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Bis Poles at The Metropolitan Museum of Art

Video transcript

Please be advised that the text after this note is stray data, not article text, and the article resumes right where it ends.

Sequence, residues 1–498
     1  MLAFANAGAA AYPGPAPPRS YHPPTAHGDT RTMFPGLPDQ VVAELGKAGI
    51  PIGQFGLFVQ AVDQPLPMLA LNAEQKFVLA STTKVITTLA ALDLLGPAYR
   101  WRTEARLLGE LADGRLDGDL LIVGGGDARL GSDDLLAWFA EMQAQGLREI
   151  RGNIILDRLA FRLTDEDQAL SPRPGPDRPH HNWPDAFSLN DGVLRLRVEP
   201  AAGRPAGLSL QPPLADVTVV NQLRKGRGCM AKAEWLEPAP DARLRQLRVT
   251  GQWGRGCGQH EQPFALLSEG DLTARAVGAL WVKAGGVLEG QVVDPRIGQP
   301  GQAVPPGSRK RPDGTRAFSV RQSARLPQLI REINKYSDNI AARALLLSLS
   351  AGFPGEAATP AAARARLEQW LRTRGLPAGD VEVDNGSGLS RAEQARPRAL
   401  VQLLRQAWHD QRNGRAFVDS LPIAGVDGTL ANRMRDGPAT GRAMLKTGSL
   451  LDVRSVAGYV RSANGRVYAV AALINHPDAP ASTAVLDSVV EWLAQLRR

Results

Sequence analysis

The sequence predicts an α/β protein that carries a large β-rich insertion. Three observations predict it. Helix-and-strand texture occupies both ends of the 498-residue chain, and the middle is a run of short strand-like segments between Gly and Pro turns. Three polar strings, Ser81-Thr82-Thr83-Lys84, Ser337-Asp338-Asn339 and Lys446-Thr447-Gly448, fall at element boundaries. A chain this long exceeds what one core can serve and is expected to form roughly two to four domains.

we're in the oceanic galleries in the Metropolitan Museum of Art looking at one of their most iconic displays it's a stand of these extraordinary tall bish poles this series of sculptures are from the Asmat region of New Guinea and this recalls the way in which the bish poles would have been displayed for ritual purpose they would have been planted into the earth tip actually is pointed so that you could nestled it into the soil or sand and I love how the museum's display it has the objects below the stone floor so you can see them planted into the earth as they would be beech pole ceremonies were a means of bringing the community together to enable and assist the spirits and souls of recently deceased people to safely depart so they could leave the realm of the living and make their way to Sutphin the realm associated with ancestors and to bring the community back into a kind of balance the deaths of leaders and individuals within the community can cause this volatile uncertain time so head men in the village would have worked out when it was necessary to bring the community together to commission the while we pitch master Carver's to carve these and those master Carver's would have gone into isolation to produce these poles which are actually mangrove tree trunks that have been upended that as they've been turned upside down and when you look at the projections towards the top those are actually one of the many root systems that come out from the trunk which make mangrove trees so identifying the mangrove trees would have been cut down and felled in the mangrove swamp and they would have entered the village and been welcomed by the women of the village as if they were slain enemies they were drawn into the main house in the village and the master Carver's would have blocked out the initial carved elements and then they would have withdrawn into another annex within the house where they would have completed the carving and they are withdrawn from any activity and interaction with any other members of the village it's a very sacred activity I love the idea that the trees themselves are treated as if they were fallen warriors it's as if the tree itself is a human figure and the worldview of us let people's a man is a tree and a tree is a man there was a direct equivalence and that plank like projection at the top is the remaining buttress root known as the chairman it is the male principle or phallus of the carving so the poles really have three zones there is a canoe or structural form at the bottom then there's the figures and then there's this chairman the energy and vitality of that community coming together retelling the histories of the village and community feasting together reaffirming ties with their neighboring groups all of that spiritual essence and vitality is deemed to flow out through that jimin or phallus back into the earth so after the staging of the beach pole ceremony the poles would have been dismantled and then carried through to the sago palm grove and there they would have been left to deteriorate and rot so all that spiritual energy and vitality that has come from bringing the community together flows out into the soil so it can ensure the future prosperity for the village so there's this beautiful reciprocal and cyclical relationship with the environment with nature and the treatment is clearly a male principle but the sago forest was associated with a female principal grubs of the sago beetle were embedded into the core of the sago palm at the beginning of the carving of these beach poles and by the time those grubs mature to become beetles that indicates the time when the poles must come out and be presented to the community we do have in the collection fabulous ceremonial bowls in which these sago beetles would have been presented very dramatically and dynamically as these things flowed out and people would grab them and eat them that's very much associated with the female principle so you do have this balance the carving is exceptional and it's at its most elaborate at the top of the beech poles in the chamber it's a kind of tracery which seems at times abstract and at times we can make out human figures or forms that are recognizable for instance birds that's right that really fluid curvilinear carving is packed with iconography that relates to hunting so we see the beaks of the hornbill we see abstracted references to flying foxes which have fruit backs so if the analogy is that a man is a tree and the tree is a man when the fruit bat the hornbill were seen to be plucking the fruit of the tree there was an analogy made between the taking overhead and so these were species that they revered as a result so they incorporate that powers that vigor into that iconography so that you're drawing that energy into the carving itself and you can see that representation of vigor and power in the representations of the human figures as well they are muscular they're strong there is clearly reference to successful warriors we see this color scheme the white is a color that's associated with Safin and with their ancestors it's produced by burning clam shells to create that very dusty almost chalky texture the red is produced from okis and clays in the ground and the red is with a charged color it connotes spiritual power and you can see here it's been used to highlight scarification of these figures and the black is a charcoal and that's been used to highlight distinctive characteristics usually in the head and face in several of the polls the bottom most part seems to be more structural or at least in one case is a canoe this element does relate to the spiritual passage of ancestors so we can think about the canoe quite literally as a vehicle yes these are vehicles to encourage and assist the departure of the souls of recently deceased so it's important to understand these poles not as objects that exist in isolation but has very much a center point to a complex ritual that could gather together nearby villages and extended communities it's really important to not think of these things as static artworks but really as a dynamic means of allowing and enabling transition across boundaries and thresholds between the land of the living and the land of the dead you